Juan Diego Botto’s directorial debut pulls no swings when it comes to social realism, it is a restless drama that follows a set of people with interconnected lives. Crossing paths at various points, they are all battling their own fights during a terrible Spanish recession. While the central topic of On The Fringe is nothing new or special, evictions and financial woes are on the minds of a multitude of people right now, especially in Europe due to the ongoing energy crisis, which makes the issues it tackles pressing and important.
Madrid, Spain. Police hastily knock on the door of a not-so-sprucy apartment. Inside, a child attempts to make a sandwich only to suddenly cut herself as the aggressive knocking begins. The child’s mother is nowhere to be seen, so she is taken to child services. Rafa (Luis Tosar), a busy, but nice rights lawyer, notices the child as she is dragged to the police car, which sets off his mission to find the child’s mother before the end of the day. Elsewhere, Azucena (Penélope Cruz) attends a protest against evictions, which is her struggle throughout the film as she tries everything in her power to avoid being evicted from her home. The final leading character is introduced, her name is Teodora (Adelfa Calvo), she’s a lonesome mother who is desperately trying to reconnect with her son.
Despite the subject being relevant and intriguing, On The Fringe doesn’t make for much of an engaging watch. This comes down to bad narrative organisation, which is a screenplay and editing issue. The interconnected are individually interesting but when combined it becomes way too convoluted. By focusing on just Penélope Cruz’s storyline, or any of them, it would’ve had the chance to be much more concise in its storytelling. There are three potentially good films within On The Fringe. But together, the constant back and forth comes across as scattered and disparate. It is an ambitious directorial debut that ultimately bites more than it can chew.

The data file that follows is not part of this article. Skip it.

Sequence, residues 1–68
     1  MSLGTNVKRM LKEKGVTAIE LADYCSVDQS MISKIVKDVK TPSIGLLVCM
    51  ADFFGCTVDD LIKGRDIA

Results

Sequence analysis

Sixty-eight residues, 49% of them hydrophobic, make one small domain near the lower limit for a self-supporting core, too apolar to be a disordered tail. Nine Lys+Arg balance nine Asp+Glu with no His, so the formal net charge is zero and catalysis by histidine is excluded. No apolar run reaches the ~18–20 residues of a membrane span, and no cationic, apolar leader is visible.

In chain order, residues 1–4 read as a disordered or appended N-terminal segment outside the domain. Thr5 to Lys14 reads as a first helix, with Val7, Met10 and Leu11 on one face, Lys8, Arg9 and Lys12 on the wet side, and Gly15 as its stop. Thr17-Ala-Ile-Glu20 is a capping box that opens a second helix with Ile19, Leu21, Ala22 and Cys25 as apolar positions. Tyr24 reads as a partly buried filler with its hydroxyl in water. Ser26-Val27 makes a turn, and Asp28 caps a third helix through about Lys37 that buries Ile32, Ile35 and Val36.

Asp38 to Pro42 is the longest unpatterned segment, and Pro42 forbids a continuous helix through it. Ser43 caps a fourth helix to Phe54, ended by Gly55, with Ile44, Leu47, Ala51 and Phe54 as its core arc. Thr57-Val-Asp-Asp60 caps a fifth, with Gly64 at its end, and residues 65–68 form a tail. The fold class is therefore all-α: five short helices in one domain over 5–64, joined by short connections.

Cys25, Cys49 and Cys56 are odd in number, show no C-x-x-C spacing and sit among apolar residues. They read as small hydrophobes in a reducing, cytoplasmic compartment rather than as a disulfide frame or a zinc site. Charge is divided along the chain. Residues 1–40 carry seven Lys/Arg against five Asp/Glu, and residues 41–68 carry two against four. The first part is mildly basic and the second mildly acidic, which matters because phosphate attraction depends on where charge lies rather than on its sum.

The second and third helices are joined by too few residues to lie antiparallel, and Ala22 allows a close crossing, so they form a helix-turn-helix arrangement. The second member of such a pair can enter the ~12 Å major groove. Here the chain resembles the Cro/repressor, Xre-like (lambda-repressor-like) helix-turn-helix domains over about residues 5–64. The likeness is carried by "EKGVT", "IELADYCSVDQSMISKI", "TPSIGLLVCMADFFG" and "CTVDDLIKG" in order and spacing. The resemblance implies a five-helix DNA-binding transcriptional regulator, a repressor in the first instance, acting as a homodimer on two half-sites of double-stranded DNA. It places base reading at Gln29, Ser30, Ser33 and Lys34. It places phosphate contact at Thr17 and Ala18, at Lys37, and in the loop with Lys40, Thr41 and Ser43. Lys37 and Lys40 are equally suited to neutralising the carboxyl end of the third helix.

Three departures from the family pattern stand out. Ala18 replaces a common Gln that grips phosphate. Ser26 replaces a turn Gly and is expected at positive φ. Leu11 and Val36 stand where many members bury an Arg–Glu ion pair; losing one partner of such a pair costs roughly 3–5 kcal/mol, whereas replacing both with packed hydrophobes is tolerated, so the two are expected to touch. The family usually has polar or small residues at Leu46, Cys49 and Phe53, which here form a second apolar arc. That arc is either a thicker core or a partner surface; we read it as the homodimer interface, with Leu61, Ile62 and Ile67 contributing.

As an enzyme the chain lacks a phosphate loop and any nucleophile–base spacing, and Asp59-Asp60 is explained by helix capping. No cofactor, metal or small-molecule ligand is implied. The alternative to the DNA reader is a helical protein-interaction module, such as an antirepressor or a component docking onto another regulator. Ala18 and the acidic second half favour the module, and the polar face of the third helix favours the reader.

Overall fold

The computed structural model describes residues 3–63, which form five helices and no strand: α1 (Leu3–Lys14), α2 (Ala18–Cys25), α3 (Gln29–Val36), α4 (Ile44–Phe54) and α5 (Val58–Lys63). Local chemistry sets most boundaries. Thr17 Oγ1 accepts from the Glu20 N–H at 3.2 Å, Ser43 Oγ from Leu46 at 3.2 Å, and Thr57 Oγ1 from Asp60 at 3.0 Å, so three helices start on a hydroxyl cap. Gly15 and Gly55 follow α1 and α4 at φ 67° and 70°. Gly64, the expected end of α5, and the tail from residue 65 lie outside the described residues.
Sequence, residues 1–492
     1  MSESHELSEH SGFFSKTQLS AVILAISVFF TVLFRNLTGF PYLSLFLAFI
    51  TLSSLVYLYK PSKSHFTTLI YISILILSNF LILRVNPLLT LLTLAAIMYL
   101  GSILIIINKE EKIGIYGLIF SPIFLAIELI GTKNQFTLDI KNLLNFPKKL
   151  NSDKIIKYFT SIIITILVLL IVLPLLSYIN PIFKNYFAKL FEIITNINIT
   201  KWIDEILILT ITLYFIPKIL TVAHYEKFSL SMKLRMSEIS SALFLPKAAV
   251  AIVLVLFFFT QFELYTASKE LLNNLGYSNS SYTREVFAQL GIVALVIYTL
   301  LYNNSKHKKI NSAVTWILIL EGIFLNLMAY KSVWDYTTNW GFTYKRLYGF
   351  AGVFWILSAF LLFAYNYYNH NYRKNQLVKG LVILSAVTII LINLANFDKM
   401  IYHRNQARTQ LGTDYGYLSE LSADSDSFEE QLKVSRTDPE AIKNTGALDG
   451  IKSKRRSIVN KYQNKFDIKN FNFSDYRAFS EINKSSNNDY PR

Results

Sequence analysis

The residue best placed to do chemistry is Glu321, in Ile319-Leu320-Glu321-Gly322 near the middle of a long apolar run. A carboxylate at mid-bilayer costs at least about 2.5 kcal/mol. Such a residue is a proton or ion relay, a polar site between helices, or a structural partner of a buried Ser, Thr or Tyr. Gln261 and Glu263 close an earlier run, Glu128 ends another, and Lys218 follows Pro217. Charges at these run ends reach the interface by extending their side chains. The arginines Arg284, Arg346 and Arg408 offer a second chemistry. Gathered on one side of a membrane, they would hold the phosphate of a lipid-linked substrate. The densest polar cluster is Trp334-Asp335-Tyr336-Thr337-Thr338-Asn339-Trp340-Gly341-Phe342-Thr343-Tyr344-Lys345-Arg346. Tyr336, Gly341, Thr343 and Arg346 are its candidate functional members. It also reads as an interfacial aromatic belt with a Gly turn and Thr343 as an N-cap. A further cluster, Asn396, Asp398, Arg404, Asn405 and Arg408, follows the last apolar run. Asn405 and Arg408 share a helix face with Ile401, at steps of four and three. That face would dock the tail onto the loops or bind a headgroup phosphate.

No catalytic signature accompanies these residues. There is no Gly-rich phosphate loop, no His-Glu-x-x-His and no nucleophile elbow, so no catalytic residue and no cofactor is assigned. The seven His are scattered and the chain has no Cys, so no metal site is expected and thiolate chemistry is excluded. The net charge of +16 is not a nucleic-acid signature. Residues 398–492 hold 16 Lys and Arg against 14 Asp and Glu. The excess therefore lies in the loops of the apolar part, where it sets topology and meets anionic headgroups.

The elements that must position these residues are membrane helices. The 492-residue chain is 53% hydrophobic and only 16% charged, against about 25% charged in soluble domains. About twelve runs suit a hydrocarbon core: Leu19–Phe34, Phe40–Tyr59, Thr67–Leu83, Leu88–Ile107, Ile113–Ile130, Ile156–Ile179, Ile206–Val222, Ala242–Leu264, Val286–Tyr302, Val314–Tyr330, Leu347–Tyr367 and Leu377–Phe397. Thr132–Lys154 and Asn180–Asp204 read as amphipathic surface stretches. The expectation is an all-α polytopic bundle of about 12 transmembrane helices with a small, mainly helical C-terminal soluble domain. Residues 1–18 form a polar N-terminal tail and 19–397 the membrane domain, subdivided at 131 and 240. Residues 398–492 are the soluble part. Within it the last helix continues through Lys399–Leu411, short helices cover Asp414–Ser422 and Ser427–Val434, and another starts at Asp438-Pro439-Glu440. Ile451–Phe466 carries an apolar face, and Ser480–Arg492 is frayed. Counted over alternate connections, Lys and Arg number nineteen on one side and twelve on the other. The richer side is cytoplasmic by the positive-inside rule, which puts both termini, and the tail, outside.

Cruz is the film’s calling card, she will undoubtedly be advertised as the film’s lead but surprisingly she isn’t. As aforementioned, Botto’s film is led by a trio of characters with interconnecting stories. The entire cast does a commendable job of bringing life to the film’s emotionally packed screenplay. At times, it teeters on the line of becoming overly melodramatic with the sheer number of arguments in the film, but great acting keeps the expressive scripting in check. Botto leads his cast down a path of sincere authenticity. By the end of the film’s Zurich Film Festival premiere, parents were seen comforting their tearful children, it certainly struck a nerve for many.
The film is in a constant state of restlessness, Botto doesn’t allow a second for spectators to take a break. Arnu Valls Colomer’s cinematography is the primary inciter as it doesn’t let up for the entire runtime. Almost every shot is handheld, presumably chosen to highlight the instability of everything. But it actually becomes quite distracting and a nuance as there is little time to connect with the characters due to its frantic, always moving nature. When Colomer’s camera slows down and takes a second, it’s in those moments that it becomes impactful. This is best seen in the latter half of the film where Adelfa Calvo’s Teodora has a final dinner before saying goodbye to her son, here the camera lingers, less bothered by trying to build up any Safdie Brothers-like tension. The stillness makes for an absolutely devastating scene.
Juan Diego Botto’s directorial debut is an emotionally driven film that highlights the ongoing, devastating housing problems in Spain, its effect on people and the different ways that everyone deals with their struggles; some fight, some give up, and some accept their fate. On The Fringe is a well-intentioned social realist drama that will hit a nerve with audiences, despite its flaws.
This review is from the 2022 Zurich Film Festival.